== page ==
25.The Uganda Women Entrepreneurship Programme had been established to empower women, with a focus on vulnerable groups, including single and teenage mothers and women living with HIV/AIDS. The Youth Livelihood Programme, which had been running for 10 years, provided funding to young women who wished to become entrepreneurs. Gender parity had been achieved in school enrolment and, in the previous three years, an almost equal number of women and men had graduated from university. In response to the rise in the adolescent pregnancy rate that had occurred during the COVID-19 pandemic, the Ministry of Education had put in place special measures to ensure that pregnant girls could return to school after they had given birth.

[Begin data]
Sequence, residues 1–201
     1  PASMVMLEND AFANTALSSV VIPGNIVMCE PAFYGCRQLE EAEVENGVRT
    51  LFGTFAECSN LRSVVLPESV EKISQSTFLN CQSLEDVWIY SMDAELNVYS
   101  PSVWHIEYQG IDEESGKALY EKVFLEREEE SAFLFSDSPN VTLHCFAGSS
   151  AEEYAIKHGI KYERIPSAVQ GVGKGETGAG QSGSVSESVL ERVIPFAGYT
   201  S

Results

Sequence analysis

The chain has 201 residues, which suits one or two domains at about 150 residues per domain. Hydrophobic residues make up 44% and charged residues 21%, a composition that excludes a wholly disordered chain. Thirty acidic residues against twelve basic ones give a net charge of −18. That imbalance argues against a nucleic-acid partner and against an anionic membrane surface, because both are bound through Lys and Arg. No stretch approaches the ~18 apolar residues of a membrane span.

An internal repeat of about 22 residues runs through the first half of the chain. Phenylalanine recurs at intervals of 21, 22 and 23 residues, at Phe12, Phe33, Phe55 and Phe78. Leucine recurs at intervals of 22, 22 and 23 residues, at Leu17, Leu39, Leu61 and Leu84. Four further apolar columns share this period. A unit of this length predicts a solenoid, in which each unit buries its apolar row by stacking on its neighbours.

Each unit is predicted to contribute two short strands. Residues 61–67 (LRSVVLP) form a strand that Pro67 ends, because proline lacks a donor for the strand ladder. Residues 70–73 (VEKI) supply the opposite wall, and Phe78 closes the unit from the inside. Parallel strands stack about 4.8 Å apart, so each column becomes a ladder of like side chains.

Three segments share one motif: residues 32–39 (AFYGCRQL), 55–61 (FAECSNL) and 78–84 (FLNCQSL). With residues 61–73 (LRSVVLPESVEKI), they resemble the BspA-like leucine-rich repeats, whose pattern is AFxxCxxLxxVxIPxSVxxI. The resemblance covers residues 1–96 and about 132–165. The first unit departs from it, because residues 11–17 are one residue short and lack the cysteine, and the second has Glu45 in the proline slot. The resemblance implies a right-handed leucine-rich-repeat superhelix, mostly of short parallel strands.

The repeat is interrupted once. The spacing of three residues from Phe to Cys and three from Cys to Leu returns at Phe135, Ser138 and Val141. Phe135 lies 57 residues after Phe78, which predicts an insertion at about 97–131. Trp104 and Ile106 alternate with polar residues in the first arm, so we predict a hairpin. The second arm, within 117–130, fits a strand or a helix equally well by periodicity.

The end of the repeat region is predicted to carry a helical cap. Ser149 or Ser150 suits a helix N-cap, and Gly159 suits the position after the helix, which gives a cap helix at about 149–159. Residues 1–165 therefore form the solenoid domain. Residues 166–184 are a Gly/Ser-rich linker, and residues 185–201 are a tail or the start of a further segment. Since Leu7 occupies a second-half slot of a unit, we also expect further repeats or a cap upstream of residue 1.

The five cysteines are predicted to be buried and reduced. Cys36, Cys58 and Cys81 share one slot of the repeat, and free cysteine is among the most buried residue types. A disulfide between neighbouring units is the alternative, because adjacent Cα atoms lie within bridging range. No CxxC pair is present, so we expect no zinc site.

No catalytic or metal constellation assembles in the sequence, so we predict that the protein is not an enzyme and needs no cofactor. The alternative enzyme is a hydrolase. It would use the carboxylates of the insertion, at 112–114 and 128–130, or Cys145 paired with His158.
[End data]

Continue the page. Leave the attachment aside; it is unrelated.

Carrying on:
26.The establishment of special quotas had led to seven older persons, including four women, being elected to Parliament in the most recent elections. Women with disabilities and young women, were also represented in Parliament. Following the introduction of a quota, at least one parliamentary seat in each district was occupied by a woman. Around 16 women members of Parliament had been elected after contesting an open seat. Nevertheless, the Government acknowledged the need for further effort, including higher quotas, to increase women’s participation.

27.Ms. Nakafeero (Uganda) said that, as a result of concerted efforts made by a wide range of stakeholders, incidents of gender-based violence had fallen significantly between 2016 and 2022.